Acid-Base Physiology

4.8 Respiratory Acidosis - Prevention

Some causes are not amenable to preventive measures. Monitoring of at-risk patients with capnography is appropriate in some situations (eg in an Intensive Care Unit, intraoperatively and in the Recovery Room) and will allow earlier detection of a problem.

The end-tidal pCO2 is typically lower than the arterial pCO2 and the difference between these values is an index of the magnitude of the alveolar dead space. So if the end-tidal pCO2 is elevated then the arterial pCO2 is usually even more elevated.

First Key Fact: Watch for inadequate alveolar ventilation

Inadequate alveolar ventilation is the underlying problem in nearly all patients so any patient who could have impaired ventilation is at risk of developing respiratory acidosis. So recognise these at-risk situations.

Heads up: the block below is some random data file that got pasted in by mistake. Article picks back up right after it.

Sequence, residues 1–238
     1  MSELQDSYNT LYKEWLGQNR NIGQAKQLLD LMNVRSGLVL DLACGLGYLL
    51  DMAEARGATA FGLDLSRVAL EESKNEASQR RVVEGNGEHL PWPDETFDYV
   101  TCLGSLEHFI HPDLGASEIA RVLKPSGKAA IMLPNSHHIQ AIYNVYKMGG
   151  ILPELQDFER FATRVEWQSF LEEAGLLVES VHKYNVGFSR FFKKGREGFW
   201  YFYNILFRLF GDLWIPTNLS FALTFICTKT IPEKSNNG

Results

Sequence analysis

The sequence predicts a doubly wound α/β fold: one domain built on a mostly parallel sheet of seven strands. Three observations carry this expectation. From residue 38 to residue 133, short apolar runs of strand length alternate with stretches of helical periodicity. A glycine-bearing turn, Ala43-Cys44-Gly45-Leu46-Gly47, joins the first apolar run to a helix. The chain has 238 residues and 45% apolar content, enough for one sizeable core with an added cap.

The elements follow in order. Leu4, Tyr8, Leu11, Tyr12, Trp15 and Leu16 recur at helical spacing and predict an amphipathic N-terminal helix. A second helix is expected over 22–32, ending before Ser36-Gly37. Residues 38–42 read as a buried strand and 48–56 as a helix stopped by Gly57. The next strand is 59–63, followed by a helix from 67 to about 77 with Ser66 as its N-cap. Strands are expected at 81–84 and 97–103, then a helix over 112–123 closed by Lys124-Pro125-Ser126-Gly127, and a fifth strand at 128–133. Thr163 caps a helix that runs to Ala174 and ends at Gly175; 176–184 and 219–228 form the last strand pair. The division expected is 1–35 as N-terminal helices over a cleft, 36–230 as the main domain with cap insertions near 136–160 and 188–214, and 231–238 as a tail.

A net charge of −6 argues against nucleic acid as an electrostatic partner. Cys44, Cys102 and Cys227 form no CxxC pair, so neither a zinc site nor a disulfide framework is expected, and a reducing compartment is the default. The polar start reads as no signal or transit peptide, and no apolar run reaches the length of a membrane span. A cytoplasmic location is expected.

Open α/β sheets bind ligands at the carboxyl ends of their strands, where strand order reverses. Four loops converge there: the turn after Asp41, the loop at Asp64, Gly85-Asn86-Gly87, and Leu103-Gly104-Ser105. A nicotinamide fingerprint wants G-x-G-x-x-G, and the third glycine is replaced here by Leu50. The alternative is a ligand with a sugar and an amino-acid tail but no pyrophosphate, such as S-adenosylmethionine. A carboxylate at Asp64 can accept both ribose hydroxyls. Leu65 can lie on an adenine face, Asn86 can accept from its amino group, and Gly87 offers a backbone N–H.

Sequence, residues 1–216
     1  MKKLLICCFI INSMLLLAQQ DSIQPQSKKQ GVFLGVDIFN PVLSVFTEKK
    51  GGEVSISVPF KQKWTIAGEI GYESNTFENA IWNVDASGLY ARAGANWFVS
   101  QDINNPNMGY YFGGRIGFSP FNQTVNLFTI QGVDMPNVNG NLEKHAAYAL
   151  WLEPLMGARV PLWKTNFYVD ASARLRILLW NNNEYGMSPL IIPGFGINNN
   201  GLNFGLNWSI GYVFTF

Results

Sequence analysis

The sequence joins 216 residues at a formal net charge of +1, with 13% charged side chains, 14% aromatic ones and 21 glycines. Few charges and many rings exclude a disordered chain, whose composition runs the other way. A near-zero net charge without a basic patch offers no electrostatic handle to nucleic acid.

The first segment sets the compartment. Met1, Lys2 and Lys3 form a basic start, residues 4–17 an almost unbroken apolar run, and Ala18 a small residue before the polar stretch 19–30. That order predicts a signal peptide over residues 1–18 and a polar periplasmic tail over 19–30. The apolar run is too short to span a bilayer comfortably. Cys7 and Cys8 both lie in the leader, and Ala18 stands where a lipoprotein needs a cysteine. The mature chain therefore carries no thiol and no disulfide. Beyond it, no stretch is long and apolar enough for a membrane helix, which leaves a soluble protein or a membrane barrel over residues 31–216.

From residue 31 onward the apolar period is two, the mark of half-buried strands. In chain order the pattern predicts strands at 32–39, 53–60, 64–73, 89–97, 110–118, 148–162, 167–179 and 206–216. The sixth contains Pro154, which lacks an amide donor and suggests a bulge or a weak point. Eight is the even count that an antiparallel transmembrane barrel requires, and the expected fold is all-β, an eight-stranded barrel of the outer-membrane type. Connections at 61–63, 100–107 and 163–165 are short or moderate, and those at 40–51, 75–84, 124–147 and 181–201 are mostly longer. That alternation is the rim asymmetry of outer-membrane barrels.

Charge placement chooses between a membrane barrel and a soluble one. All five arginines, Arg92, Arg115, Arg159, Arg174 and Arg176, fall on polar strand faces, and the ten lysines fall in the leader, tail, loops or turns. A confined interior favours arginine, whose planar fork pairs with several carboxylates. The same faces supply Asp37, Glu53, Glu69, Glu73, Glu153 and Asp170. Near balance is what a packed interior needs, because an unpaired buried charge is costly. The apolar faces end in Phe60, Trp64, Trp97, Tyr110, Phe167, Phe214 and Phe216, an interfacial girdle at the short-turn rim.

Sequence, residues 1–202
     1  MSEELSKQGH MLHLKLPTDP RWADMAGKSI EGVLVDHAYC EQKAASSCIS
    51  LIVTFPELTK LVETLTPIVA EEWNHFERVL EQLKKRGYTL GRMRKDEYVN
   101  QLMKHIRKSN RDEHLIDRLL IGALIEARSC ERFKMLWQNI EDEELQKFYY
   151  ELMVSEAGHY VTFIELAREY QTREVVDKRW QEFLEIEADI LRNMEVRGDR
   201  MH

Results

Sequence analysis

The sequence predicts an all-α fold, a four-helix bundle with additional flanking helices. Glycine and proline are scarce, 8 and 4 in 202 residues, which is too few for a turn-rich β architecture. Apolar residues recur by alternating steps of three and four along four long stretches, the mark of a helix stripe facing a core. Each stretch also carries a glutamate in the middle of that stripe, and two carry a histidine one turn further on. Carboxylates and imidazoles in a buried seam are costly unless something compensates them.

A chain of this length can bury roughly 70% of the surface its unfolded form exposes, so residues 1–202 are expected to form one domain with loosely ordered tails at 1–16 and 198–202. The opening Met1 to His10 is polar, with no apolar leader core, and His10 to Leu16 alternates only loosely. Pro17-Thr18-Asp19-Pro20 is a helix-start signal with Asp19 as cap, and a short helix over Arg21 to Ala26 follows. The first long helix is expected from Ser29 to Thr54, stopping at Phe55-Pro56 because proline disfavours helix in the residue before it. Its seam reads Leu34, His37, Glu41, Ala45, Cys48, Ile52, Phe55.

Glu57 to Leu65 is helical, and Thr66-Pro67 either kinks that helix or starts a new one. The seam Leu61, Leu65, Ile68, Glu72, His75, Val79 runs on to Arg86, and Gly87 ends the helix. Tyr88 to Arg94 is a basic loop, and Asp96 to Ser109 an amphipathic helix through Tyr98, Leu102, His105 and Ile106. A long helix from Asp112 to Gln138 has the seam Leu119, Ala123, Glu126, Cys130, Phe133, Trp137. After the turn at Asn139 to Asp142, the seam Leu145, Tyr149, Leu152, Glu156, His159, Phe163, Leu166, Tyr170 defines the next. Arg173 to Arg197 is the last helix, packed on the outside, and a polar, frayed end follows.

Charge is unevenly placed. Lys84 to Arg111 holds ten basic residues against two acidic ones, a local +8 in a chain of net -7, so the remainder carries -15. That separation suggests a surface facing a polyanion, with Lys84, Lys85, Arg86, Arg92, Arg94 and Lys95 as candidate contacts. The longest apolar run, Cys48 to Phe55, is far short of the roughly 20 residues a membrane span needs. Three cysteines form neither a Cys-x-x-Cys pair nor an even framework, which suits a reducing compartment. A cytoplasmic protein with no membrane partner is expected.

Second Key Fact: Give oxygen to avoid hypoxaemia

Inadequate ventilation will also necessarily affect arterial oxygenation so steps to avoid, recognise and/or treat arterial hypoxaemia are very important. The simple measure of providing supplemental oxygen by face mask to patients can often correct or prevent hypoxaemia.

Some particular medical situations where prevention can be utilised are: